The Altajir glass factory (Jebel Ali Container Glass Factory) in Jebel Ali industrial zone, Dubai, completed a third bottle production line installation in mid-2003 in just 85 days, but the state-of-the-art facility has since continued an aggressive expansion programme based upon continuing increased demand for their products in the Middle East and worldwide. Overall demand across the gulf is 300,000 tons (t) per year and 70% of production is exported to the Gulf and across the world.
The second phase of expansion began in late 2003 and was completed by late 2005. The phase 1 expansion, which entailed the installation of a third bottle production line, cost the company Dh100m ($27.2m). The investment for phase 2 was Dh550m ($150m), taking total investment in the plant since it was first constructed in 1996 to over Dh1.1bn ($300m).
The first phase of expansion increased production capacity from 1.5 million to 2.25 million bottles per day and allowed 540t/d of melting capacity. The more ambitious phase 2 expansion has doubled the plant’s output capacity again to allow the production of 4.5 million bottles per day. The new expanded facilities have also meant that the plant can produce a wider range of bottles, they have extended their range to include heavier bottles and wide mouth food jars.
The expansion also included a new facility as part of the plant for the production of decorated refillable bottles. This additional line increased the decorated bottle production capacity from 500,000 per day to over one million.
The construction of the building expansion – including steel construction, cladding, general construction and electrical and mechanical engineering – was awarded to various companies in Dubai. Engineering consultants included Al Nibras Management (project management), ECG Engineering Consultants Group and Veth Consultants. General construction was carried out by Al Ummah Contracting, and Yerevan Steel Construction Company erected the steel super structure of the expansion building. Al Shirawi Electrical and Mechanical Engineering Company installed the necessary electrical and utility infrastructure.
Owens Brockway Glass Containers of the US was retained as an advisor, as they were responsible for the outfitting of the original plant in 1996. All Glass of Italy provided some of the moulding equipment for one of the three new manufacturing lines.
Super Furnace Works of India constructed two new energy-efficient vertical loading electric arc furnaces (with easy maintenance facility), each with a production capacity of 250t. Zippe Industrieanlagen of Germany provided cullet preparation equipment and batch processing equipment to produce raw material for the furnaces.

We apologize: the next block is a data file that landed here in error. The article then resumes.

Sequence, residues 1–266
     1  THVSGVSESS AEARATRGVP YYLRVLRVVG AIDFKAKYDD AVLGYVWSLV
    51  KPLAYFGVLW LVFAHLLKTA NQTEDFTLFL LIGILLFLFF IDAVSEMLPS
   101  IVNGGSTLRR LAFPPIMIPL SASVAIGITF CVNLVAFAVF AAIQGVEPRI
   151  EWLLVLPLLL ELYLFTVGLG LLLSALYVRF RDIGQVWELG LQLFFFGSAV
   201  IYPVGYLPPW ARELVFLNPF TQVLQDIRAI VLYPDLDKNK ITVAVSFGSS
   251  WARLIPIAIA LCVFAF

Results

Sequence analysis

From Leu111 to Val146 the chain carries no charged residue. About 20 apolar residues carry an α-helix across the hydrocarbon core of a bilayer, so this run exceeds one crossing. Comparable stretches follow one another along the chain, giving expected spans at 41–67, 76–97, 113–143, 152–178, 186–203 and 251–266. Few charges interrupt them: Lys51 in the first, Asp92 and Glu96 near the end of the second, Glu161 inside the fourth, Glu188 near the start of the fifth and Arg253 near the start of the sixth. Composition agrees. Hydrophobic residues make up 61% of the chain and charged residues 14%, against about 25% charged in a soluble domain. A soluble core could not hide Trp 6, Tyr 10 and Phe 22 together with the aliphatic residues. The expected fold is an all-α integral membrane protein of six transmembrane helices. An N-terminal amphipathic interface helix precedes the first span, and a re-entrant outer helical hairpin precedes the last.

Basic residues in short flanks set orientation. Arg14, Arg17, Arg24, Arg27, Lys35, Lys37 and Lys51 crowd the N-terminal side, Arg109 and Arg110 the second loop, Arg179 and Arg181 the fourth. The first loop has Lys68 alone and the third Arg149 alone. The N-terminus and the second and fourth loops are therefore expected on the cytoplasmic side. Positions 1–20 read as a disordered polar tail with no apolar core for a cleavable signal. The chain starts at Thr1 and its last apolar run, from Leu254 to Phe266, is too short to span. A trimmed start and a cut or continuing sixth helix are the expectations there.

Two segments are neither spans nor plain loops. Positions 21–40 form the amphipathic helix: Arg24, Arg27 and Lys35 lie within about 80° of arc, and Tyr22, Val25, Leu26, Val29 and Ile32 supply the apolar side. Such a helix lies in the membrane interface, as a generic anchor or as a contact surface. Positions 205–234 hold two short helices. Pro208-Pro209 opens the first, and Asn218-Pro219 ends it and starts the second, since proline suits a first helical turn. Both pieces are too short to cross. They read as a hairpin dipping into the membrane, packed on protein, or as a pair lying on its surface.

Siemens Energy and Automation were involved in the installation of electrical power plants to run the furnaces. Horn Glassanlagen of Germany was involved in the supply of some of the moulding equipment for the smaller volume glass containers to be produced. Struts of the US provided equipment for the decorated bottle facility. Nils and Abbas Trading of Dubai provided the compressed air systems for the bottle blowing lines.
Computer Network Systems of Dubai provided the IT infrastructure for the new expansion. AGR International of the US provided inspection and integrity testing equipment for the new plant to test bottles produced for quality. Kawasaki provided the palletising equipment for the packaging end of the operation.
Emhart Glass of Switzerland is providing three 340 Forehearth systems (200t capacity), gob forming systems, container forming systems (three IS 6 1/4 machines, 12 section triple gob, capable of producing bottles at a rate of 200 per minute), hot-end equipment, cold-end equipment and networked control systems for the facility.
The Forehearth is a long, narrow chamber where the temperature of the melted glass is adjusted and precisely controlled. The gob is a ball of melted glass that is punched out of the melted stream and transferred into a mould where the bottle or other product is formed. All of the processes along the mould line require careful temperature control to make a product that is consistent in thickness, strength and quality.
Emhart Glass had developed new state-of-the-art control systems to precisely monitor temperature along the entire manufacturing process to ensure optimum production conditions from the melt to the final bottle. The plant will be able to extend the range of bottle sizes it can produce from 150ml up to 2.5-litre capacity.
The facility uses a narrow neck press and blow (NNPB) technology, which allows bottles to be made much lighter with up to 25% less glass in each container (thus saving on the cost of materials). It also allows glass containers to be made with much higher accuracy, i.e. fewer defects on internal surfaces and a lower reject rate. The new lighter-weight NNPB-made bottles are much stronger because they have better glass distribution.
The technology uses a metal plunger to form the internal cavity in the bottle during blank formation rather than an air bubble as in older methods. The gob enters the mould at a temperature of 1,200°C, the mould closes and the plunger, driven by a pneumatic piston, pushes the molten glass all the way into the mould. The plunger then withdraws and the mould opens while the blank is transferred to the next stage of production.
In 2005 the glass plant had a problem with its main ridge ventilator above the melt furnaces. This ventilator was not allowing sufficient heat to escape and wind was causing a backdraft problem. CSR Edmonds provided and installed 16 H900 Hurricane Turbine Ventilators which were installed along the ridge (eight each side). The situation improved markedly after that and now the company is considering the adoption of Hurricane Turbine ventilators across the whole plant.